After we finished our samplers, we decided not to linger.  I hate to admit it, but the poor (and rude) service turned me off to this brewery.  Although I realize that one server does not represent the entire brewery, she was my first contact with it and first impressions are hard to change.  I, for one, will never go back and I cannot recommend this taproom.  There are too many other great breweries in the area to waste your time with this one.


Tuesday, February 7, 2012

Trinity Brewing Company

One of the best things about Denver, Colorado and the surrounding areas is the high concentration of microbreweries that produce some really great craft beer.  Last weekend I had the pleasure of traveling to Colorado Springs, which is about a 60 minute drive from Denver.  As part of this trip, we visited the Trinity Brewing Company, located on Garden of the Gods Road.

The front of the Trinity Brewing Company
What a fun little brewery (although they are expanding into the space next door!).  They offered a great selection of their own beer as well as a impressive collection of craft beers from around the country, including one that is brewed about ten miles from my home (Jolly Pumpkin).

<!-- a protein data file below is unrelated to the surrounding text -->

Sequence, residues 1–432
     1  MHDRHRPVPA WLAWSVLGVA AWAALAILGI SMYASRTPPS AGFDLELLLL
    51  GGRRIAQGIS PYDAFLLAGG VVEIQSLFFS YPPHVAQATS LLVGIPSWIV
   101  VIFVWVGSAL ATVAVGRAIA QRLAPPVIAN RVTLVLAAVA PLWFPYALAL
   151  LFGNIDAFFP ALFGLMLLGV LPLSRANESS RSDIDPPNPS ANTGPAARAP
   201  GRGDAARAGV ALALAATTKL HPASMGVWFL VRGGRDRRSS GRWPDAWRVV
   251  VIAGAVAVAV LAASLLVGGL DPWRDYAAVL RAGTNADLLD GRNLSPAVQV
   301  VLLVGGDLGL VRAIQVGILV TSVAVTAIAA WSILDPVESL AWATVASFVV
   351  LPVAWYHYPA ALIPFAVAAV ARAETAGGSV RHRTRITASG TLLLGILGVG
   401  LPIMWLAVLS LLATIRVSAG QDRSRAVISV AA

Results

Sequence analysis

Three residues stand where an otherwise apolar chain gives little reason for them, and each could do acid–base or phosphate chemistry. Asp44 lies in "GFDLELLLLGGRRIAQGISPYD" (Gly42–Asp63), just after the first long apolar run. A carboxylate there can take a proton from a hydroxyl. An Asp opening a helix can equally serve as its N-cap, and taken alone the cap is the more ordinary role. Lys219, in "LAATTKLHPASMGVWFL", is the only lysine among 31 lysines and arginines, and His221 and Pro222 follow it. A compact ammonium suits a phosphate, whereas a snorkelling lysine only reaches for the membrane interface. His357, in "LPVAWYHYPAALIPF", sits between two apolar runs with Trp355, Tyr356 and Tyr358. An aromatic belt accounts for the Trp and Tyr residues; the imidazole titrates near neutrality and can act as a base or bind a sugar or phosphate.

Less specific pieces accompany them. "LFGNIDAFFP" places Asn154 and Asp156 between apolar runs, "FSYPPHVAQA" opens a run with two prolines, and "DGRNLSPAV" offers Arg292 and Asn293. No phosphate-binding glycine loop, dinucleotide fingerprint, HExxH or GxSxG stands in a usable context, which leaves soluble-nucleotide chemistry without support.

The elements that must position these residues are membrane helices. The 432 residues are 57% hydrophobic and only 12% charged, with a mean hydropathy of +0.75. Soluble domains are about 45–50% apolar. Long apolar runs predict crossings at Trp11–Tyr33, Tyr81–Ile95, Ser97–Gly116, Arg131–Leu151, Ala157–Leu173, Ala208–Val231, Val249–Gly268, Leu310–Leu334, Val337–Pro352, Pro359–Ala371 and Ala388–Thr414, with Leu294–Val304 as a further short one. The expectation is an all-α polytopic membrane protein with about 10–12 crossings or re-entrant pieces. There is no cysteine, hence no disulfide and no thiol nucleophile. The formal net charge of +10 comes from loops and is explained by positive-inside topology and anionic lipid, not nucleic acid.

A few of the "guest" beers at Trinity
Trinity's selection of beers for the day.
The decor was what I would call "brewpub rustic," with lots of unfinished wood and granite troughs serving as sinks in the bathroom.  The wait staff were superb--friendly, knowledgeable, and accommodating. The atmosphere was very casual and conducive to enjoying some great beer and appetizers.  We could watch the brewing process while we drank and at one point a brewer carried some hoses through the brewpub en route to a different part of the brewery.  The back room had couches and stacks of oak barrels that were aging beers. I really felt like I was visiting a brewery rather than a restaurant.  I consider this a big plus.

Oak barrels aging beer.
Trinity brewpub
We had several appetizers with our samples of beer: Sweet potato fries (with several dipping sauces; Buffalo chicken; and Bacon with maple syrup for dipping.  OK, not that healthy, but it went well with the beers.  Trinity also had a full menu that looked good.
Samplers and appetizers.
They also sold several unique limited release "boomer-sized" bottles.  I purchased an "old Growth Wild Ale, but haven't tried it yet.  The label showed that it was a blend of three oak casks.  Sounded very interesting to me.